Mary Poovey is Samuel Rudin University Professor of the Humanities, Professor of English, and Director of the Institute for the History of the Production of Knowledge at New York University. Her research specialties include Victorian literature and culture, economic history of Great Britain, and history of financial institutions however she has also researched eighteenth-century British literature and culture, the history of literary criticism, feminist theory, and economic history.
The papers of Mary Poovey include drafts of manuscripts and other writings, published articles, reviews of her works, course materials, Future of the City of Intellect Conference materials, research materials, and electronic files. Click here to view finding aid.
Denise Riley is known for her ability to meld philosophy, feminism, lyric, and literary history in books of poetry and prose. Educated at Cambridge and Oxford, she is the author of several poetry collections including "Marxism for Infants" (1977), "Dry Air" (1985), and "Say Something Back" (2016), which was nominated for a Forward Prize for Best Poetry Collection. Riley's nonfiction prose includes works such as War in the Nursery: Theories of the Child and Mother (1983), 'Am I That Name?': Feminism and the Category of Women in History (1988), and The Words of Selves: Identification, Solidarity, Irony (2000). Her most recent book is Say Something Back (Picador, 2016).
The collection is comprised of research notebooks, loose notes, writings, and other material, which documents Riley's poetry and thinking on feminist and political theory. The Denise Riley papers date from 1970-1992. Click here to view finding aid.
Naomi Schor was the Benjamin F. Barge Professor of French at Yale University. A founding co-editor of differences: A Journal of Feminist Cultural Studies, Schor authored five books: Zola’s Crowds; Breaking the Chain: Women, Theory, and French Realist Fiction; Reading in Detail: Aesthetics and the Feminine; George Sand and Idealism; and Bad Objects: Essays Popular and Unpopular.
The Naomi Schor papers span the years from 1950-2002 and consist of personal and professional correspondence, literary manuscripts, research and teaching materials, and materials from her professional activities. The collection documents Schor's career as one of the foremost scholars of French literature and critical theory and a pioneer feminist theorist of her generation. Click here to view finding aid.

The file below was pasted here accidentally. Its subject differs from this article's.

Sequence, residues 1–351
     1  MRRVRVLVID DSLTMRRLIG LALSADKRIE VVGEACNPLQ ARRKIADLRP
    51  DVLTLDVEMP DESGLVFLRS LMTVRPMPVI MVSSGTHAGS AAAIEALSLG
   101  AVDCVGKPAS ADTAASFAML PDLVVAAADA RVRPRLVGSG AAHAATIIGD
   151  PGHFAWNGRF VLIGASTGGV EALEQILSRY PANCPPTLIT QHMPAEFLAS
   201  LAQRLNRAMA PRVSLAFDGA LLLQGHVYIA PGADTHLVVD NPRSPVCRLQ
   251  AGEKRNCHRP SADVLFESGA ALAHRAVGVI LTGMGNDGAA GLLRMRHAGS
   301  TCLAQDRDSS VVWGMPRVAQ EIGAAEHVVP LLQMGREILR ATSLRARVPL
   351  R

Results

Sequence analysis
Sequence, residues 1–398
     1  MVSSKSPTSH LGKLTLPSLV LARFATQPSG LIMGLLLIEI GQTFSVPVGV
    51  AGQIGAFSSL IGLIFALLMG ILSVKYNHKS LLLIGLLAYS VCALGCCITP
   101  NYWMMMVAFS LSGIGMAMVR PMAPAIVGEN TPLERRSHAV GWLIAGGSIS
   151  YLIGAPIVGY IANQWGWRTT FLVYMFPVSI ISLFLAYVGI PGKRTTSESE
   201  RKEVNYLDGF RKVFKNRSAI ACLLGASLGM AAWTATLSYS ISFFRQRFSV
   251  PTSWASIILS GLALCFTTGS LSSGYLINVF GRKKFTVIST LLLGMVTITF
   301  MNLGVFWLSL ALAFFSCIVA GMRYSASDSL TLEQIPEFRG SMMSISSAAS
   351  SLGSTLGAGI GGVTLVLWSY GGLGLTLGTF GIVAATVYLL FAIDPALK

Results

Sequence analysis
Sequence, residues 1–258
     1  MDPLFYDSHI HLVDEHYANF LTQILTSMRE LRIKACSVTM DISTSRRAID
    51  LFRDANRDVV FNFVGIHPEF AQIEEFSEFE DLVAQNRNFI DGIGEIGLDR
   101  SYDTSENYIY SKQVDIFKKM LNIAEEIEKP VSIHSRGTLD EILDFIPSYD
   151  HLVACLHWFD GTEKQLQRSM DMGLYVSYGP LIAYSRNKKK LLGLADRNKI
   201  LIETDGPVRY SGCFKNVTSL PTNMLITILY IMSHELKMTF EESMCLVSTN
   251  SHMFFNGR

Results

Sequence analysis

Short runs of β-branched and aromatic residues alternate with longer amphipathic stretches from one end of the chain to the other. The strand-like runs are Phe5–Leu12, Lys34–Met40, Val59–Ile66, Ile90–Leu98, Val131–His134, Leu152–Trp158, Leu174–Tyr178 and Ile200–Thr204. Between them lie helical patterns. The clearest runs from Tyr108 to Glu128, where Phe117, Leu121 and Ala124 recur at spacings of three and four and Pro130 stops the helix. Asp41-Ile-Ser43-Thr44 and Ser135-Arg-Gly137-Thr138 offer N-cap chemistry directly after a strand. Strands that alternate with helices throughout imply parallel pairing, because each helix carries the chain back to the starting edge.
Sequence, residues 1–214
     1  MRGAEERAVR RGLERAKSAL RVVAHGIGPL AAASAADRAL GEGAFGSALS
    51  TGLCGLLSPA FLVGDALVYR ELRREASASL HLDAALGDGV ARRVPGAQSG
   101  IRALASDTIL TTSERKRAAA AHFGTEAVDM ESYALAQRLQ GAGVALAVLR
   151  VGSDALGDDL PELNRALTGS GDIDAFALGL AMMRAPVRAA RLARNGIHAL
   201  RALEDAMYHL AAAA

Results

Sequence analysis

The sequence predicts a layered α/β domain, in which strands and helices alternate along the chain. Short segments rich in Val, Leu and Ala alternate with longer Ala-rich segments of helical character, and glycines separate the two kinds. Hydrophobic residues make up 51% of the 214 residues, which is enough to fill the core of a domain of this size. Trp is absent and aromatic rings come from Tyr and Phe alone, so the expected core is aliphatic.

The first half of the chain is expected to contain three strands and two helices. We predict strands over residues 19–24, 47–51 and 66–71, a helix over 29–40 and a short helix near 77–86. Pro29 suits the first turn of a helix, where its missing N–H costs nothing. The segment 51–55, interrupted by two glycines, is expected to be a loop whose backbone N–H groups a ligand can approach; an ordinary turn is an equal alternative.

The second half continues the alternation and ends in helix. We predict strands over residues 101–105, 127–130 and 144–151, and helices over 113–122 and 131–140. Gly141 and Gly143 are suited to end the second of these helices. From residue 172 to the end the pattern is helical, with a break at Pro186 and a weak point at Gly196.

Christina Sharpe is Professor of Black cultural studies in the Department of Humanities at York University and a notable Black feminist theorist. Sharpe has published two major books, Monstrous Intimacies: Making Post-Slavery Subjects (2010) and In the Wake: On Blackness and Being (2016), which have both garnered a number of honors and nominations. Sharpe has also published numerous articles, book chapters, and essays including "Response to Jared Sexton's "Ante-Anti-Blackness: Afterthoughts" (2002) whi
ch appeared in Lateral, "Learning to Live Without Black Familia: Cherríe Moraga's Nationalist Articulations" (2003), and "The Costs of Re-membering: What's at Stake in Gayl Jones's Corregidora" (2000). Sharpe has lectured and participated in conferences around the world, and is recognized today as a leading academic in Black Feminist Theory, English literature, and Africana studies.
The collection documents Sharpe's professional life and research in racism, slavery, and feminism, consisting of correspondence, conference material, draft writings, writings by other authors, subject files, and print material, dating from 1989 to the present. Click here to view finding aid.
Barbara Herrnstein Smith is the Braxton Craven Professor of Comparative Literature and English and Director of the Center for Interdisciplinary Studies in Science and Cultural Theory at Duke University and Professor of English at Brown University. Smith's publications, include Poetic Closure, Contingencies of Value, Scandalous Knowledge: Science, Truth and the Human, and Natural Reflections: Human Cognition at the Nexus of Science and Religion.
This collection contains material from Herrnstein Smith's early career. Click here to view finding aid.
Society for Women in Philosophy (SWIP) is a scholarly organization that works to support and promote women in philosophy. Created in the early 1970s, SWIP has expanded to many branches around the world, including in the US, Canada, Ireland, the UK, the Netherlands, and Germany. The journal Hypatia: A Journal of Feminist Philosophy was born out of SWIP in 1982.
The collection includes newsletters, correspondence, and conference materials, dating from 1971 to 2013 and documents the organization on international, national, and regional levels. Click here to view finding aid.
Suzanne Stewart-Steinberg is Professor of Italian Studies and Comparative Literature at Brown University and Director of the Pembroke Center for Teaching and Research on Women. The collection documents Stewart-Steinberg's professional life, research in poststructuralist Marxism, politics and culture in post-unification Italy, psychoanalytic theory, as well as correspondence, conference material, research journals, and a significant number of her writings. Click here to view finding aid.